23rd Mar 2018

German top court to rule on whether ECB can buy bonds

  • The German Constitutional Court is expected to rule on the ECB's bond-purchasing scheme in April (Photo: Al Fed)

Germany's constitutional court is expected to rule this spring on the legality of the European Central Bank's bond purchases, a scheme that has eased the eurozone crisis by calming markets.

Udo Di Fabio, who served as constitutional judge between 1999-2011, told an audience at the Berlin-based Stiftung fur Familienunterhmen on Wednesday (29 January) that the court is "deliberating at the moment if the ECB can buy bonds at all."

Thank you for reading EUobserver!

Subscribe now for a 30 day free trial.

  1. €150 per year
  2. or €15 per month
  3. Cancel anytime

EUobserver is an independent, not-for-profit news organization that publishes daily news reports, analysis, and investigations from Brussels and the EU member states. We are an indispensable news source for anyone who wants to know what is going on in the EU.

We are mainly funded by advertising and subscription revenues. As advertising revenues are falling fast, we depend on subscription revenues to support our journalism.

For group, corporate or student subscriptions, please contact us. See also our full Terms of Use.

If you already have an account click here to login.

According to EU laws, the ECB is prohibited from direct government funding, meaning direct bond purchases when a national government tries to sell debt on the markets.

But in the past years, the eurozone bank has engaged in "secondary bond purchases" which are bought from investors and considered an investment by the ECB.

These bond purchases helped lower Spanish and Italian borrowing costs, which had spiked in 2011, prompting fears that the third and fourth largest economies in the euro would also be forced to apply for a bailout.

One year later, when borrowing costs were on the rise again, ECB chief Mario Draghi came out with an even bolder promise.

He said his bank would buy as many bonds as necessary to help a troubled country, provided it signs up to a reform programme.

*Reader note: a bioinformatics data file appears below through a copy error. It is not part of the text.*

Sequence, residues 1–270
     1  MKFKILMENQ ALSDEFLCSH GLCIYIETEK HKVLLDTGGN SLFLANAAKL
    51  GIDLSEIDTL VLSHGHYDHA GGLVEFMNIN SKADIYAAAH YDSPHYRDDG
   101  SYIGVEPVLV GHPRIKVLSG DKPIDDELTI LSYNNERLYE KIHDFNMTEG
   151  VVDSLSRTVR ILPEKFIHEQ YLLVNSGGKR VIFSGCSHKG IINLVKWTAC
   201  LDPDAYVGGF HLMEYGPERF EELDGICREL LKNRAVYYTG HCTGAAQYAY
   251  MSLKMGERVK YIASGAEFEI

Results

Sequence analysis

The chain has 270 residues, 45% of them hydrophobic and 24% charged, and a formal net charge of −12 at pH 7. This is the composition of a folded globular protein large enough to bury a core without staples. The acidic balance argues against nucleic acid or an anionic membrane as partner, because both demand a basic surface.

The so-called Outright Monetary Transactions (OMT) scheme has never been used. But its calming effect on markets lasted throughout 2013 and helped the eurozone regain relative stability.

Bond purchases were already deemed "unconstitutional" in a preliminary verdict by the Karlsruhe-based court in 2012.

Back then, it spoke only about direct purchases which would have been in breach of EU law.

More than 35,000 Germans have since filed complaints against the OMT, with the Constitutional Court expected to deliver a verdict in April or refer the case to the European Court of Justice.

Di Fabio said it was unlikely for the court to reject the entire scheme and cause a "firebrand in Europe."

But, as was the case with previous verdicts on the eurozone bailout fund and the Greek bailout, Karlsruhe is likely to boost the rights of the German Parliament were OMT to be activated.

"The particular issue Karlsruhe will be looking at is national budget sovereignty, as enshrined in German law. Budgetary self-determination of a nation is fundamental and cannot be transferred," he said.

"Parliaments were put in place so monarchs cannot use people's money as they please. National parliaments have to be sovereign in controlling the use of taxpayers' money.

If Rome decides on an expenditure, it cannot be that the Netherlands and Germany are held liable for it. If that were the case, then Dutch and Germans should also be able to vote in Italian elections for the parliament," he added.

Di Fabio said the current EU treaties also pose limitations on how many tasks the ECB can take on.

"EU treaties don't foresee a common bank supervisor and even less for the ECB to be it," he said.

The former judge said the treaty needed to be added to in light of the ECB new future role of supervising the eurozone's largest banks.

He also raised questions about the yet-to-be-established bank resolution fund, which foresees banks chipping in to a common pot to be used if one of them needs bailing out.

"European banks are heterogeneous. In some countries, banks are aggresive and oversized. If there was joint liability, it would force the less risk-taking banks - like the ones in Germany offering low interest rates to their customers - to guarantee the other banks in other states where interest rates are higher because risks are higher," he said.